Blue Corner Store’s top secret team head down to Norwich’s number one hippy commune to catch up with the one and only William Rees, the ever-versatile lead guitarist of Mystery Jets.
In this interview we delve in order to find out the motives behind their current intimate UK tour, their choice to exile themselves to America in order to record their latest album and we also investigate what kind of sound we can expect from upcoming album ‘Radlands’.
Becky: Hi, how are you today?
William: I’m good; we’re all coming down with flu though!
B: Too many sweaty people in your gigs?!
B: How have you been getting on tour recently? How has the new material been going down?
W: Really well, it’s always frightening playing to crowds who have yet to hear the record. You never know how people are going to react, but I think they’ve liked it!
It’s different from our old stuff; I think you have to get to know it a bit better.
Mark: Can you gauge when you’re on stage how it is being received?
W: Yeah, you can feel it when people’s attention waivers or when they are concentrating, you can really tell that.
M: Your current tour revolves a lot around smaller venues, what was the thinking behind this?
W: We haven’t toured the UK for about 18 months and it just doesn’t feel right to come back playing big rooms, it’s nice to do that towards the end of the album campaign. It feels like you’ve earnt it a bit more and the whole project grows. If you start playing to 300-400 people a night, which is what we are doing on this tour, hopefully in 6 months it will be double that and in another 6 months maybe more than that. So it’s nice to keep it intimate and cosy and let it blossom.
These gigs are like a reccy, we are going to play lots of new stuff and work out what’s working and what’s not, hopefully by the summer we’ll have a very clear idea of what we are going to do with the shows.
M: Did you guys choose specifically the venues you wanted to do?
W: We did yeah, we’ve played here (Norwich Arts Centre) before and we really liked it. We didn’t just want to play Barflys and Carling Academies… places that are franchises. We wanted to go to places that are quite independent and that have their own identity. I think Norwich Arts Centre is a good example of that. They always have interesting bands and they even do theatre and poetry, plus there’s a cool little cafe!
M: We see you’re playing Queens Social Club in Sheffield, that’s quite a small venue with a lot of character.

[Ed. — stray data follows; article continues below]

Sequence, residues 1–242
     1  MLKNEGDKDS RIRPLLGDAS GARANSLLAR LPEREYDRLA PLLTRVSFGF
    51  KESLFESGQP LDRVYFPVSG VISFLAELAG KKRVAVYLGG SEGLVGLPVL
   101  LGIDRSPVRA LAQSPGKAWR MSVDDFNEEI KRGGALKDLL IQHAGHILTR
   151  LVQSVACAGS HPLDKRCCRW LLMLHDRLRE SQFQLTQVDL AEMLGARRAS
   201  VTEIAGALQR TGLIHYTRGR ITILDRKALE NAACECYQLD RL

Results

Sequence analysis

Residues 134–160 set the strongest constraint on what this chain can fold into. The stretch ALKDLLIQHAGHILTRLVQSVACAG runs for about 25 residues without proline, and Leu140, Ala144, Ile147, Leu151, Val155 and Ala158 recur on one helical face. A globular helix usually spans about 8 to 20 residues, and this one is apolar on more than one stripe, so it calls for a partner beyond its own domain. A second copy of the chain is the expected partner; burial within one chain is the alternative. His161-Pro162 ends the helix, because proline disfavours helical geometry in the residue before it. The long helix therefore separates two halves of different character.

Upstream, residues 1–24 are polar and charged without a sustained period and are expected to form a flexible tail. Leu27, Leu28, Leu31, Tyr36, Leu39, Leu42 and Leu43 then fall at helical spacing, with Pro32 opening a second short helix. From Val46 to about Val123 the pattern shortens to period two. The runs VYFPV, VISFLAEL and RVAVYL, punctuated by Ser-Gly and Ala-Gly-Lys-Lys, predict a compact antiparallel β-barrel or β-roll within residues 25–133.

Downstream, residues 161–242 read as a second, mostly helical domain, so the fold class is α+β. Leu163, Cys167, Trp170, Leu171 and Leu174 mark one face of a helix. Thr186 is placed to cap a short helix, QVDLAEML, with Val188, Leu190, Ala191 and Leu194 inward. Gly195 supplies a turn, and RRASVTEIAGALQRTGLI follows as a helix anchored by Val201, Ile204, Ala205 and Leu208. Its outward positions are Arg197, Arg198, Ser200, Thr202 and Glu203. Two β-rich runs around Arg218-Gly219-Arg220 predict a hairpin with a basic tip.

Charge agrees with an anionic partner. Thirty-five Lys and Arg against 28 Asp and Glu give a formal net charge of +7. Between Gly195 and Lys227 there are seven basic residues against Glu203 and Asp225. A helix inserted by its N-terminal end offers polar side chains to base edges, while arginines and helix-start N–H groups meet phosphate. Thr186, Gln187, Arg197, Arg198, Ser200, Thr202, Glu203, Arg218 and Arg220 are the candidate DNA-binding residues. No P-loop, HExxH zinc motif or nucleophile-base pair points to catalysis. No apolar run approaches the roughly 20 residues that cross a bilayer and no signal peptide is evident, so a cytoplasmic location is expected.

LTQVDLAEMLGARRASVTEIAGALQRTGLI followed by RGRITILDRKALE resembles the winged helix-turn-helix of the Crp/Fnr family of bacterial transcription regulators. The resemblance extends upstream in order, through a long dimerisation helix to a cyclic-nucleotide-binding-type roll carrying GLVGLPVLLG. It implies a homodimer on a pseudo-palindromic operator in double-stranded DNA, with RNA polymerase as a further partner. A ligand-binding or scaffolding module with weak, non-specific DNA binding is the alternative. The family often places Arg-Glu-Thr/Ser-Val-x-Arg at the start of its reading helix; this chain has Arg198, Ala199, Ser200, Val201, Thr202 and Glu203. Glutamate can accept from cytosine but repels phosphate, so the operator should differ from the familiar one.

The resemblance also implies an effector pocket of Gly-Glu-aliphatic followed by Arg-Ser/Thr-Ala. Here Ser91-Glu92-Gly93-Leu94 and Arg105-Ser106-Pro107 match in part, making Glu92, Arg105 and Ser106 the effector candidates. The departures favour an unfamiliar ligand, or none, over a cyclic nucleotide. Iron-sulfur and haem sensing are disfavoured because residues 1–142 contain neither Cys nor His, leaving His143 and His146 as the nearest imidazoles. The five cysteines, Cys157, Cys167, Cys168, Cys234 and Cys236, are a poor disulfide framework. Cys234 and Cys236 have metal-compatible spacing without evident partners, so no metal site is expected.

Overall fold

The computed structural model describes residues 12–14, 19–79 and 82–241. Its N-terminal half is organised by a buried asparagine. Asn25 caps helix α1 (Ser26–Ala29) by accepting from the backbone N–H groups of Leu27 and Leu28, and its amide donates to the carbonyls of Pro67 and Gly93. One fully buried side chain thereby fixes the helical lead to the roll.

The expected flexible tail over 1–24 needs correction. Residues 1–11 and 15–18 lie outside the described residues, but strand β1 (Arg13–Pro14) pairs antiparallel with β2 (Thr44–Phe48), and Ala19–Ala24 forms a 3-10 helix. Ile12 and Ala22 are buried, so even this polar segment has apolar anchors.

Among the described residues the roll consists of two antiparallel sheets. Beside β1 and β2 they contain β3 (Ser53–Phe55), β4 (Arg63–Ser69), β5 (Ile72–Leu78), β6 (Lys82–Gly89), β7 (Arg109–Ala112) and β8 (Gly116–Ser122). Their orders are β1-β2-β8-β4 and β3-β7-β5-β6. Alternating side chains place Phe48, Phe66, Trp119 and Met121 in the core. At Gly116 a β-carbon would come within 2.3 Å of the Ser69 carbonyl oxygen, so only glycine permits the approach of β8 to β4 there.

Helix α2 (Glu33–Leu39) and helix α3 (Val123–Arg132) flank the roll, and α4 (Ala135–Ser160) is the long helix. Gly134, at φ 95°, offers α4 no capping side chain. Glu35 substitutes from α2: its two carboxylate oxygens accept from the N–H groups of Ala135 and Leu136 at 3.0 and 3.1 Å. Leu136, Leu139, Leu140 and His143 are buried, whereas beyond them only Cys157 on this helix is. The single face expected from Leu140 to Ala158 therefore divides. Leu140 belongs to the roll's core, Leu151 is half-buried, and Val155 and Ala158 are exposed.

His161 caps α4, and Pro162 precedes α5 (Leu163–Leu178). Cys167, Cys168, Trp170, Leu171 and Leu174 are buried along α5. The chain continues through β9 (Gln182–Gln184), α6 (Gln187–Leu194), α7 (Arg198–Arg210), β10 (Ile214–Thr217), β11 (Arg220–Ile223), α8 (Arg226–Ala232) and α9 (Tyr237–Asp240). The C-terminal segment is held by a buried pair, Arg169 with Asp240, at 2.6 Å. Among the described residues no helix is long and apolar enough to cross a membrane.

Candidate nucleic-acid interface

W: Have you been there then?
B: Yeah, we saw a band called The Crookes there; it was a Christmas Homecoming gig.
M: Lots of 80’s Christmas decorations, it’s a really nice place!
William and co. hand out tequila shots to the crowd. What lovely chaps!
B: Also wanted to go on to the new album… It’s the first album you’ve put together outside the UK. Why did you choose to go to America to record, were there any particular reasons?
W: Yeah, lots of reasons. One reason we wanted to go to America was because everything we had recorded beforehand had been done in England and we felt that we had kind of overstayed our welcome in the UK, especially creatively. A year ago and even now there isn’t much going on for English guitar music and the records we’ve made have always come out of quite creative periods in English/London music.
When we did our first album on Eel Pie Island there were loads of bands around that area like Larrikin Love and Jamie T who were all making really great music and that record has some of their energy within it. And with ‘Twenty One’ bands like The Klaxons were coming out and there was a lot of dance music too which was on the record in a way as well. So I think we felt that after the third record we’d used up all of our London energies and it was time to find something new.
Also America’s a bit of a right of passage for musicians, it’s a dream. If you’re in a band you want to make it big in America or do something in America. So much of our music culture comes from that.
B: So being in America affected the songs you’ve created for the album?
M: We’ve been listening to your new single ‘Someone Purer’ quite a lot recently and we really like it. We’re yet to hear the rest of the album yet, so how does ‘Someone Purer’ compare to how the rest of the album sounds?
W: The new album feels like a consistent piece of Blues Rock Americana song writing, all the songs come from the same character which is America and Country Rock. It’s all nicked and borrowed from Neil Young records and musicians like Cass McCombs; so that’s the world the album lives in, but within that there are different approaches to it. I’d say ‘Someone Purer’ is quite a dark one, but also quite uplifting as well.
M: Yeah, most of your singles have always been quite upbeat and dancey so I was quite shocked (in a good way!) to hear that it had a different edge to it.
B: When’s the album out?
W: The album is out on April 30th.
M: Are there any particular songs on the album that you like personally more than others?
W: I hate them all equally!
M: A very democratic, modest answer there!
B: Also, we are going to see you at The Great Escape in May in Brighton; it’s a festival for a lot of new music. Are there any new bands that you are into at the moment that you want to give a mention to?
W: The band that is supporting us is called Peace. They’re playing The Great Escape, they’re really good. That’s really it, I don’t know that much about new English guitar music, I should know more but I’ve been away and also, I’m listening to other things really so I probably wouldn’t be the one to advise you on what’s hot and what’s not!
B: We’ll have to check out Peace later on! Well enjoy the gig, the rest of the tour and the rest of the year!
Catch Mystery Jets throughout April on their intimate tour and across England & the rest of the world throughout the summer months! The new album ‘Radlands’ is released on Rough Trade Records on 30th April 2012.